|TITLE||Introduction to Comparative Politics of Europe|
|LEVEL||01 - Year 1 in Modular Undergraduate Course|
|DESCRIPTION||- The central aim of this study unit is to foster an appreciation of the different political systems to be found in the EU’s twenty-eight Member States as well as serving as an introduction to the EU institutions.
- Related to this, the study unit will also serve as an introduction to political science, one of the three disciplines, along with law and economics, upon which European Studies is built.
- During the study unit students will learn about basic political concepts, how to analyse a political system and how to question elements of the political system and their effectiveness.
- A central teaching outcome is to improve the student’s ability to undertake comparative analysis and to be able to build an opinion based on relevant arguments and sound analysis.
- While class participation is difficult due to the large number of students who register for this study unit, students are encouraged to feel comfortable in giving their opinion and a part of each lecture, normally towards the end of each two-hour session, will be put aside for questions and discussion.
The central aim of this study-unit is to foster an appreciation of the different political systems to be found in the EU’s twenty-eight Member States. As the building blocks of EU decision-making, it is essential that students understand that each EU Member State is unique and that different actors play different roles in each political system. This study unit is essential for those who will continue to study the EU political system in the second and third years: No appreciation of how the EU works can be developed without a basic understanding that the national representatives who sit in the Council of the EU ultimately represent different political traditions thus making consensus difficult. The study-unit will also serve as an introduction to the EU institutions.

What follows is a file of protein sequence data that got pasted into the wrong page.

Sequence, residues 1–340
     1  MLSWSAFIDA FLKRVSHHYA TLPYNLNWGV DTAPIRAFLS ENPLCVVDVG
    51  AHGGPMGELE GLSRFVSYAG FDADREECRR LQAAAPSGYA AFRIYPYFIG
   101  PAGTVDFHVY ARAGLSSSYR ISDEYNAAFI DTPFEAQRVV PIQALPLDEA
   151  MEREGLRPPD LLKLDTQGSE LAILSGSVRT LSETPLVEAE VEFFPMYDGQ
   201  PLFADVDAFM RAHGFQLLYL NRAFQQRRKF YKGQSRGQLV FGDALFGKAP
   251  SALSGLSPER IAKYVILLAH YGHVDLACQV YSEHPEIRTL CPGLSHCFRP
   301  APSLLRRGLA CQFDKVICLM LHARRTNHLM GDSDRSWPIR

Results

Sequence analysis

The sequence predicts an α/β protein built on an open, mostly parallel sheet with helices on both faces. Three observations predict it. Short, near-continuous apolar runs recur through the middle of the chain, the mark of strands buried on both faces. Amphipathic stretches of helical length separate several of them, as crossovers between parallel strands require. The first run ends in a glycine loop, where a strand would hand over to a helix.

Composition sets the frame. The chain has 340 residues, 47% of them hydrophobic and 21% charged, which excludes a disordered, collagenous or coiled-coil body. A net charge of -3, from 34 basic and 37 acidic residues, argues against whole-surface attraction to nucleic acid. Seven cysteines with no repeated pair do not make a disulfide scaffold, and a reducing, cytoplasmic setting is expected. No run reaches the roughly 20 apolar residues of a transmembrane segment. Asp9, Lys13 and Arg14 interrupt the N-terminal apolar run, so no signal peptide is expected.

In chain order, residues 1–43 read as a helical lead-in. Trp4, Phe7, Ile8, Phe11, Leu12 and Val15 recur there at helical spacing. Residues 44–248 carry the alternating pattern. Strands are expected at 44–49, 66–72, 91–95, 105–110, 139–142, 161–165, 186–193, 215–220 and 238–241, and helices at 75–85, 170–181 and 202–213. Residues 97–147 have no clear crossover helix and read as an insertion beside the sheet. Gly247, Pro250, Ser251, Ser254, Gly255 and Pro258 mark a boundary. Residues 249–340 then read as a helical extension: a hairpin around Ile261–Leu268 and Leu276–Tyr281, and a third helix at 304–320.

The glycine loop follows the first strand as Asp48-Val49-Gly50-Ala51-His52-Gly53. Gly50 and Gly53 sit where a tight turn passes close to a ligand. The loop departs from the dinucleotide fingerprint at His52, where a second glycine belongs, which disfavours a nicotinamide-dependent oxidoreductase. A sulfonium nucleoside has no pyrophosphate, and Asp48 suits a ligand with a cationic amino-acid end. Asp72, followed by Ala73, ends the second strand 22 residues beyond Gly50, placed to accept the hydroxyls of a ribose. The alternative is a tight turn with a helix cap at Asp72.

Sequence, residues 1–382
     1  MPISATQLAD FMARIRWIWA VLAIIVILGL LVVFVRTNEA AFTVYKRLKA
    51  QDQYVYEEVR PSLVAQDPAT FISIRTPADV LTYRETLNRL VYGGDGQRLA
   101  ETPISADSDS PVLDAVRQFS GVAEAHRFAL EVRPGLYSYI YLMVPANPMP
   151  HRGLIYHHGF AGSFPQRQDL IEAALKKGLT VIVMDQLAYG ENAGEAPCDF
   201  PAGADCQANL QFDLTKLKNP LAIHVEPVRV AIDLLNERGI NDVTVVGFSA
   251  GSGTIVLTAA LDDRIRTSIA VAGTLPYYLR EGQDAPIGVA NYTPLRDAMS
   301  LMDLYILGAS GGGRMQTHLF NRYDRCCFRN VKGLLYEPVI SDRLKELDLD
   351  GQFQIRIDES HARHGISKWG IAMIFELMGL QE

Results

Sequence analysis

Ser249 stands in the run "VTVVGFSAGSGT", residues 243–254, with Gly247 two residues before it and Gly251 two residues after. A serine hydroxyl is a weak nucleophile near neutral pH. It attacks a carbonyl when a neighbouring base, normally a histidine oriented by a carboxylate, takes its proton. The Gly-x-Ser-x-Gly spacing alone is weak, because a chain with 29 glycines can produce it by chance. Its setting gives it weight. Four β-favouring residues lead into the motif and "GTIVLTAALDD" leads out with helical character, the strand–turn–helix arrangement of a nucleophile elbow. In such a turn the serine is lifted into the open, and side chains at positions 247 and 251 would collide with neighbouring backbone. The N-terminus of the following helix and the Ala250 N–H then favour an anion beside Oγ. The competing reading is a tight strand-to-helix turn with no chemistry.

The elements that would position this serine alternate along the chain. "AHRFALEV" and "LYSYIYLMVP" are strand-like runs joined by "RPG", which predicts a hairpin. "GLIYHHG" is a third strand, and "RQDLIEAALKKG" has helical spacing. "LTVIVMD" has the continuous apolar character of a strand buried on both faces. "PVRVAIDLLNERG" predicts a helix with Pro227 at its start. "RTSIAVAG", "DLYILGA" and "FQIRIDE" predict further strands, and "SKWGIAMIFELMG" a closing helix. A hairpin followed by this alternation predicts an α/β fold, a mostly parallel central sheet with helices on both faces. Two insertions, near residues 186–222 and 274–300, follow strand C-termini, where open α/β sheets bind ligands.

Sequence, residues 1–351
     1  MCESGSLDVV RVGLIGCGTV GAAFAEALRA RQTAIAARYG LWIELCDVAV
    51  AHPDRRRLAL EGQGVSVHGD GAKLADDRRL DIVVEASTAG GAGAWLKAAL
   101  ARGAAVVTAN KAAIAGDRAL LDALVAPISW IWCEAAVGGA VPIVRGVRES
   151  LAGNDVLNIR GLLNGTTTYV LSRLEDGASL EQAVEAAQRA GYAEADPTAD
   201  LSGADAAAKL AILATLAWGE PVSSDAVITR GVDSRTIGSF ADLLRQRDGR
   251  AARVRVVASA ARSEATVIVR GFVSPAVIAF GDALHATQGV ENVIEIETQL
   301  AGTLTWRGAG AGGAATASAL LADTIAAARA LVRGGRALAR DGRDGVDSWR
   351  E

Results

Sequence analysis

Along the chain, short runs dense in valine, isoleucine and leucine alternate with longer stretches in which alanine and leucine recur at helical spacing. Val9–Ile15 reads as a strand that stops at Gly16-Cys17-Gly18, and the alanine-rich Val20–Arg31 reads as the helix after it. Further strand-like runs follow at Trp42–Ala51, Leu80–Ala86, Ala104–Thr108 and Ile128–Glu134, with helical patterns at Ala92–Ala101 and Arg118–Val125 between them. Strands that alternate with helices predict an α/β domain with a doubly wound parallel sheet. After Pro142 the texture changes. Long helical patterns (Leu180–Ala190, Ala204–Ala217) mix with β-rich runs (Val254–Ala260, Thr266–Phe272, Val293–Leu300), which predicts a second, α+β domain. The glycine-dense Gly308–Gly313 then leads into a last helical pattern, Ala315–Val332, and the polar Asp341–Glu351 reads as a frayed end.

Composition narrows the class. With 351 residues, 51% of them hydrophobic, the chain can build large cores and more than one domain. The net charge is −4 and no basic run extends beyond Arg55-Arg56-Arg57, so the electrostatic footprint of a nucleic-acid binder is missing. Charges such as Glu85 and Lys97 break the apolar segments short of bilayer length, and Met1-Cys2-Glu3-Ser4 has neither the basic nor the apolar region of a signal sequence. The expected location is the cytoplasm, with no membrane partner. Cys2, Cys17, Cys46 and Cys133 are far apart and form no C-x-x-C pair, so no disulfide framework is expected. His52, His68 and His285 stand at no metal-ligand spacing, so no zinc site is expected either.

As the study-unit is comparative, each lecture will analyse a different element of a political system and apply this to the EU Member States. The lectures will be divided in the following manner:
- The Political Landscape of Europe: a brief overview of European history and the factors which make European integration possible.
- A Patchwork of States: an analysis of the different types of state-systems to be found in Europe from federal states to unitary states. The latter will be analysed further to show how unitary states can resemble federations but can differ from them in important ways. Ultimately, the question can be raised as to whether we are witnessing the fragmentation of Europe into self-governing regions.
- The Policy Making Process in a Democracy: this lecture will introduce some basic definitions in politics before looking at the principal occupation of politicians, namely the policy-making process around which political systems operate.
- The Running of the State, the Executive: often seen locally as the power-house of politics due to the fact that Malta has long had single-party government, European executives are much more complex and can often be subject to continual interference from their parliaments. This lecture will analyse the difference between heads of state and government and see how single-party government, long cherished in Malta, is actually an exception to the rule at a European level.
- The Running of the State, the Legislative: in a two-party system, Parliament can appear as an irrelevance but in most European states it is the principal venue of political power. This lecture will analyse the different types of parliament, its role and key role in maintaining accountability in democratic political systems.